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Sunday’s game is as close to a must-win for the Bucs as it gets. If they can’t beat a reeling 1-4 Falcons team, when will they win again? It’s not like they have a bunch of cupcakes on their schedule. The next three games look much more challenging than they did a month ago — home against the Browns, away against the Bengals and away against the Panthers.
This is it. It got late in a hurry, didn’t it?
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What to watch for: Run the ball!
It took a lot for me to write that, but after some counseling, I finally mustered the courage. I still feel shame, like I took a bite out of a cheeseburger that just fell on the floor. Regular readers know that I believe teams should pass early and often. Why run the ball toward seven defenders when you can throw the ball to a receiver who is covered by one defender? It’s crazy.
If the Bucs are ever going to run the ball for any reason other than to drain the clock, this is the game to do it. The Falcons are in tatters. Among their injured starters (cue the M*A*S*H theme): Pro Bowl safety Keanu Neal, Pro Bowl middle linebacker Deion Jones, safety Ricardo Allen and defensive tackle Grady Jarrett.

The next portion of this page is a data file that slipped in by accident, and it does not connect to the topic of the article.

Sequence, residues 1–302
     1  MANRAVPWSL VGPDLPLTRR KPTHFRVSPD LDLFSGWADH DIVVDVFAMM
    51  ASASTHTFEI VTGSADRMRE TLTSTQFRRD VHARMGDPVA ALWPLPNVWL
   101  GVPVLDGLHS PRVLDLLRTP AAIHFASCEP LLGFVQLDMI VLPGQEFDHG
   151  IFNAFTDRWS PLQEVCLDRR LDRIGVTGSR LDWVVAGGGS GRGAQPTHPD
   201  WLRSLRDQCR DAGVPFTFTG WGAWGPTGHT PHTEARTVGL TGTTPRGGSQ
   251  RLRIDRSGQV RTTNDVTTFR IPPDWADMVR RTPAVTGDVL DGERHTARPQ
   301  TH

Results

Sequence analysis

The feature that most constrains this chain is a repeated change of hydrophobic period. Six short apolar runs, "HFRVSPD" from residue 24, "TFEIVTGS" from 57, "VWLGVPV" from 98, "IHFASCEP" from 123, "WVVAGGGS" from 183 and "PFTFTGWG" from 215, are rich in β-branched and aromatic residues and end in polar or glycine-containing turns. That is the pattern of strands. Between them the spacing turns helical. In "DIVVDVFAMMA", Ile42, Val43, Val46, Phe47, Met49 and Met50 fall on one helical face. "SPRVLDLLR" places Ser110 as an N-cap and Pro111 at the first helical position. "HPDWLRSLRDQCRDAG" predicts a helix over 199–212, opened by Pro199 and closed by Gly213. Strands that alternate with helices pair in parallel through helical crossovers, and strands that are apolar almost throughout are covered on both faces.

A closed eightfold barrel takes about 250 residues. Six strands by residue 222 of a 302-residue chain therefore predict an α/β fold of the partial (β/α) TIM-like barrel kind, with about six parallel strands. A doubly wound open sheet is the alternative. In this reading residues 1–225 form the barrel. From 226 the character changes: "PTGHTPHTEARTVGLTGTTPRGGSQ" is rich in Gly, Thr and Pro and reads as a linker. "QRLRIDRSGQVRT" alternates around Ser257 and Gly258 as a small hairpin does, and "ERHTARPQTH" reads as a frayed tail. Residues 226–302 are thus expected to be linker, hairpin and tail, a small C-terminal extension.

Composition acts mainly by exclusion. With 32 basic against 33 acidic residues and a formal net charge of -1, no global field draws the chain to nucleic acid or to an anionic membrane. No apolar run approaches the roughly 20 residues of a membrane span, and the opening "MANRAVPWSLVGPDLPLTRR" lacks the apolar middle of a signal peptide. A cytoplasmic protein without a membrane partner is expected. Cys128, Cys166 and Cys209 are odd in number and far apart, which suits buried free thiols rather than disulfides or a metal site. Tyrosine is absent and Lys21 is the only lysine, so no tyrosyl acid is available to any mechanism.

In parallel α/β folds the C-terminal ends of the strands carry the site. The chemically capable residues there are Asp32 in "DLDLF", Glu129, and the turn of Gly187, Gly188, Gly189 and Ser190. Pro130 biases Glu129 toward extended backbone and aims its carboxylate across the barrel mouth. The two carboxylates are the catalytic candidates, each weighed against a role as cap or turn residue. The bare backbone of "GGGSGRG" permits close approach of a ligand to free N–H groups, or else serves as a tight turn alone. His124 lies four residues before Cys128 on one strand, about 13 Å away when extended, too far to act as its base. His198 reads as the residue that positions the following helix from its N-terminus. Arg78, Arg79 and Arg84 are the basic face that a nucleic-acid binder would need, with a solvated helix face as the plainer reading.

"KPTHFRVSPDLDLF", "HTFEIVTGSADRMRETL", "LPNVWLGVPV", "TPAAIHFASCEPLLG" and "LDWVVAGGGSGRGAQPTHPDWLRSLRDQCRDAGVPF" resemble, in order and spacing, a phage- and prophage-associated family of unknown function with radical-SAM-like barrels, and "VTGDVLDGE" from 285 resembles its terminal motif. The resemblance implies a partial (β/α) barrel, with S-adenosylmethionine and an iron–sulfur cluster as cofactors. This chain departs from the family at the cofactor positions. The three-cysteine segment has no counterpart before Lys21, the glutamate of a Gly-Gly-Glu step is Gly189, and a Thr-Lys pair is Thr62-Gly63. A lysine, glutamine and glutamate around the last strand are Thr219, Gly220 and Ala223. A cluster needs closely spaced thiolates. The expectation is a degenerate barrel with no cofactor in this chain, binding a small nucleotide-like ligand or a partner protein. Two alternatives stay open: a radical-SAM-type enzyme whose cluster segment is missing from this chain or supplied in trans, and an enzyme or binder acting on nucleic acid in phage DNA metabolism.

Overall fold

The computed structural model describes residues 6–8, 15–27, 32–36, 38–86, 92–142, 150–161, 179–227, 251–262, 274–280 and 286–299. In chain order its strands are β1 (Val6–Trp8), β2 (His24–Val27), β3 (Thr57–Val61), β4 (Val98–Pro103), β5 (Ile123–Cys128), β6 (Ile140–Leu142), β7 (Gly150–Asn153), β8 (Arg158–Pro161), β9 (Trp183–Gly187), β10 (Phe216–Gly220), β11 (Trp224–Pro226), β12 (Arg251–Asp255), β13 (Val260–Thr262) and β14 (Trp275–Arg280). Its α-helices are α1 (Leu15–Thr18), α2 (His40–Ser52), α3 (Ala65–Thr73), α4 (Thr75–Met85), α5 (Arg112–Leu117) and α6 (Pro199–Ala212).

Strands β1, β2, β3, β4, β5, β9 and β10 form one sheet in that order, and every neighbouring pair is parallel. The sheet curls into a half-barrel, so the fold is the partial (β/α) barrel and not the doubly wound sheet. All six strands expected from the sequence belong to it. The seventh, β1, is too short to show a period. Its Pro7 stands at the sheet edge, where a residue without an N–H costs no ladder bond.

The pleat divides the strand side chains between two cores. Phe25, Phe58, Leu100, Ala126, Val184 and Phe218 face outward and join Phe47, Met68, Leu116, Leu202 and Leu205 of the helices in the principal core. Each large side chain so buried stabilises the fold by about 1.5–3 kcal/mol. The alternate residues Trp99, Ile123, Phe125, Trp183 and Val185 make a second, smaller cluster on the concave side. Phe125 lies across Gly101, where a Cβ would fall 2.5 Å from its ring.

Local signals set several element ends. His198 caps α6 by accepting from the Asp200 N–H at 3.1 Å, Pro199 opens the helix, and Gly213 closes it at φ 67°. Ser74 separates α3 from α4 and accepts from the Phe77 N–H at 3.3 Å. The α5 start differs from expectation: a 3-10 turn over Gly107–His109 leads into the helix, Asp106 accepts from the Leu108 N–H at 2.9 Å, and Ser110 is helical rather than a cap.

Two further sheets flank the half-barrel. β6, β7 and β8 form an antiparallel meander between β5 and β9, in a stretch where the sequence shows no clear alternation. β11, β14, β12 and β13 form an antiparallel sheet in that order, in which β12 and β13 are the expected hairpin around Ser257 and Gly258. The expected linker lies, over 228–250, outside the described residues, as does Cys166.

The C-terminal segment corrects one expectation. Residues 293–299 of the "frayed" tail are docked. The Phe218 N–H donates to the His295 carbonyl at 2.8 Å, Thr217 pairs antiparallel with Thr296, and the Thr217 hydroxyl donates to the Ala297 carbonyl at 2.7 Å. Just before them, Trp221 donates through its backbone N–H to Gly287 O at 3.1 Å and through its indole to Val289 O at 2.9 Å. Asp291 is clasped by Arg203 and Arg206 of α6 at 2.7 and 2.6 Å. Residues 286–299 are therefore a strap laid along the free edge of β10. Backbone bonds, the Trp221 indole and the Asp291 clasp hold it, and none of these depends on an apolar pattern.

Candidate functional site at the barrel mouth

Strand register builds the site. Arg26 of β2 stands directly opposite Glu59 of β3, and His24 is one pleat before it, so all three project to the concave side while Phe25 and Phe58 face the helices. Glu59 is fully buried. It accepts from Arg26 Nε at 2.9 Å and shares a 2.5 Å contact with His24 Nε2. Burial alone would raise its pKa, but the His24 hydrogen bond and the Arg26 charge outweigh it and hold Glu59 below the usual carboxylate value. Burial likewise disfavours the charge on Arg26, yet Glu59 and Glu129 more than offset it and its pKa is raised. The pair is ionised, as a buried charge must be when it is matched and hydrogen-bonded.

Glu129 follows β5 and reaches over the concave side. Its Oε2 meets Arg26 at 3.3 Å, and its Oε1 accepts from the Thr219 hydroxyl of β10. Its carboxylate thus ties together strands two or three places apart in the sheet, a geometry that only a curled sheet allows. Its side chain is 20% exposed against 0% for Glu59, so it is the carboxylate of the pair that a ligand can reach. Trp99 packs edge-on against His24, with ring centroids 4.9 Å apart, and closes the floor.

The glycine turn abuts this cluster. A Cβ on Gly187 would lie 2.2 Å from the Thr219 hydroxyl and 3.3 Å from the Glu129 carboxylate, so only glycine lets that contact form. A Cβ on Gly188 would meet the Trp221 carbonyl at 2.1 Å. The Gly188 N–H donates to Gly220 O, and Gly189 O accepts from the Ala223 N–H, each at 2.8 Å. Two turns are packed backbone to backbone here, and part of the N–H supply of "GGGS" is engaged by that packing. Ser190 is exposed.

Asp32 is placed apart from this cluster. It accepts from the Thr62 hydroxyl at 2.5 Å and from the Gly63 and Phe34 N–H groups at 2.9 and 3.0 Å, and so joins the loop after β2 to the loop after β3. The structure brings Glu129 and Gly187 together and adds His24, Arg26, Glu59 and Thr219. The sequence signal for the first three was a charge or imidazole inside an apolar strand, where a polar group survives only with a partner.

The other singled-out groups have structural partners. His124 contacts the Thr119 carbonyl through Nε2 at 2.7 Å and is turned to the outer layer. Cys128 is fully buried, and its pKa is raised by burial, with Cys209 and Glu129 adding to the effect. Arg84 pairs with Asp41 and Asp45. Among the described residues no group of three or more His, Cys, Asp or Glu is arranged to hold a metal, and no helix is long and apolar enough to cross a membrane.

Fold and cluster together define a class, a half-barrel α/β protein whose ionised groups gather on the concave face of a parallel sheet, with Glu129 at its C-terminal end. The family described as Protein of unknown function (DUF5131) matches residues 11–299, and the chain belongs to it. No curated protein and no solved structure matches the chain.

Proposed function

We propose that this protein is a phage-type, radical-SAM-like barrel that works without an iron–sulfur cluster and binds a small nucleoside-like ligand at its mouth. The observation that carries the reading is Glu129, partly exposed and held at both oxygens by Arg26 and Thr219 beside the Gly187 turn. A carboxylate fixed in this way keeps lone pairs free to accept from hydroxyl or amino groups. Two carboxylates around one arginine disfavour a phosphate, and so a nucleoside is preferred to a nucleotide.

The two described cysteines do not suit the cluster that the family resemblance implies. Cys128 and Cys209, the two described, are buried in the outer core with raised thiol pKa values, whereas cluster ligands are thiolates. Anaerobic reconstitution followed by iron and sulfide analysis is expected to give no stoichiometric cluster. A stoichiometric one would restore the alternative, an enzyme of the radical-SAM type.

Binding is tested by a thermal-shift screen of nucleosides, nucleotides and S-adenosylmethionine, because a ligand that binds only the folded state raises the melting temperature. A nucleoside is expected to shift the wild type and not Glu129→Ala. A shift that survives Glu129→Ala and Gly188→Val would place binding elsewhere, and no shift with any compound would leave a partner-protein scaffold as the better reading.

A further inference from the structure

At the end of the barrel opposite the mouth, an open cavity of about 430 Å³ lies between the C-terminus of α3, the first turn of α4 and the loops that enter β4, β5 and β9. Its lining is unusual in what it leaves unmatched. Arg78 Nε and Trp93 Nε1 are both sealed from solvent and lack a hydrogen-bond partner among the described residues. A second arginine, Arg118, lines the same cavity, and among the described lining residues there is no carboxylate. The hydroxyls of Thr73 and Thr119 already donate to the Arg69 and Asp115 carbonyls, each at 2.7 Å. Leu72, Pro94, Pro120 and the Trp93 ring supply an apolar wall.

Sure, it’s fun to watch DeSean Jackson knife through a defense and catch a pass 40 yards down the field, but Atlanta’s scheme is designed to limit explosive plays. The Falcons usually play a three-deep zone (each defensive back is responsible for covering a third of the field) with eight defenders up near the line of scrimmage. It’s an effective scheme … when you have players with range and speed. Atlanta had them, but then it started losing players like you lose socks in the wash.
Against an undermanned defense, the Bucs shouldn’t press. Patience, not aggression, is the key. They don’t have to fight to win. They just have to take what the Falcons are willing to surrender. As Sun Tzu wrote in The Art of War, “The greatest victory is that which requires no battle.”